The Nativity Trail 2012

By Miri -

If Mary and Joseph were to embark on their journey from Nazareth to Bethlehem in 2012 their experiences would obviously be very differently. Let's trace their trail and see what they would discover today and which obstacles they would have to overcome in order to reach Bethlehem.

The Separation Barrier around Jenin
Starting off in Nazareth, Mary and Joseph would probably pass through Afula and would shortly after arrive at the Jalame Checkpoint. Since they would cross from Israel into the West Bank, they most likely would not have to stop, or be checked, but could just pass through, that is if the Israeli authorities do not mind them travelling by donkey, which may constitute some problems. Yet even if they just passed through, the view of the high concrete Separation Barrier crosscutting through the fertile lands is always an upsetting enough experience.

The area between the barrier and the first villages once used to be full of shops and traders, these days, after the destruction that the Israeli military caused during the Second Intifada, Mary and Joseph would find a quite desolate area on their way to Jenin referred to as En Gannim in the Bible.
Compared to its recent violent past, especially during the Second Intifada with the Jenin refugee camp constituting a stronghold for Palestinian armed resistance, both the city and the camp appear relatively peaceful today. Yet the rubble and the scarred buildings are not the only reminders for the residents of the large scale military invasions that took so many lives some ten years ago, and also today, though significantly smaller, raids by the Israeli military, especially in the camp are still commonplace.

Ein Abus, Nablus, car torched by settlers from Yitzhar
After passing through a number of smaller villages in the Jenin and Tubas region, Mary and Joseph would continue their way to Nablus. On their way they may notice the change of the landscape and an increasing number of settlements and outposts lining up along the hill tops that surround the capital city of the region, Nablus, or Shechem in the Bible. The settler population in the Nablus region, together with those in Hebron, is considered to be one of the most extremist and violent and incidents of settler aggression, whether targeted against Palestinian structures or people are very frequent. Settlers do not even shy away from entering Nablus, and regularly come to visit what they consider to be the burial place of Joseph, outside of Balata, the West Bank's largest refugee camp.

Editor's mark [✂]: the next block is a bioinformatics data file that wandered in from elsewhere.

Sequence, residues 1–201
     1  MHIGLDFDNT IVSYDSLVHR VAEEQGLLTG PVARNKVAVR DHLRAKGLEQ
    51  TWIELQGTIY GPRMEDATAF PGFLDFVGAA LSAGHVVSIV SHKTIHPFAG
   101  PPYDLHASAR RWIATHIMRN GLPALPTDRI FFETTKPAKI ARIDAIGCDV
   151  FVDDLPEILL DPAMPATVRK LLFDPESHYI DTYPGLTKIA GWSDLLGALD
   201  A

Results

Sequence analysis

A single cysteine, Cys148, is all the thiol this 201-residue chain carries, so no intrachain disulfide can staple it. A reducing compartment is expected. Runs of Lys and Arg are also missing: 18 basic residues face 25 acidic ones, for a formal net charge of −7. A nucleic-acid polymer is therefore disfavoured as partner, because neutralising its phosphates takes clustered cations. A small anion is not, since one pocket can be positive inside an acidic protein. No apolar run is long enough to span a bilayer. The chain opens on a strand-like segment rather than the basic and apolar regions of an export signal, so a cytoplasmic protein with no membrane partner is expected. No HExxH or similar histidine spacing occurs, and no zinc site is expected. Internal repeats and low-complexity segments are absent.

Continuing their journey south, Mary and Joseph will have to pass through Huwwara Checkpoint, which until a few years ago, used to be one of the most notorious checkpoints of the West Bank, with endless waiting lines and recurring harassment of those passing through. In recent years, the army has eased a few of the movement restrictions imposed on the Palestinian population and many of the barriers inside the West Bank have been removed or are not or only partially manned by soldiers. The structures of the checkpoints remain however in place and could easily be turned into working ones at any moment.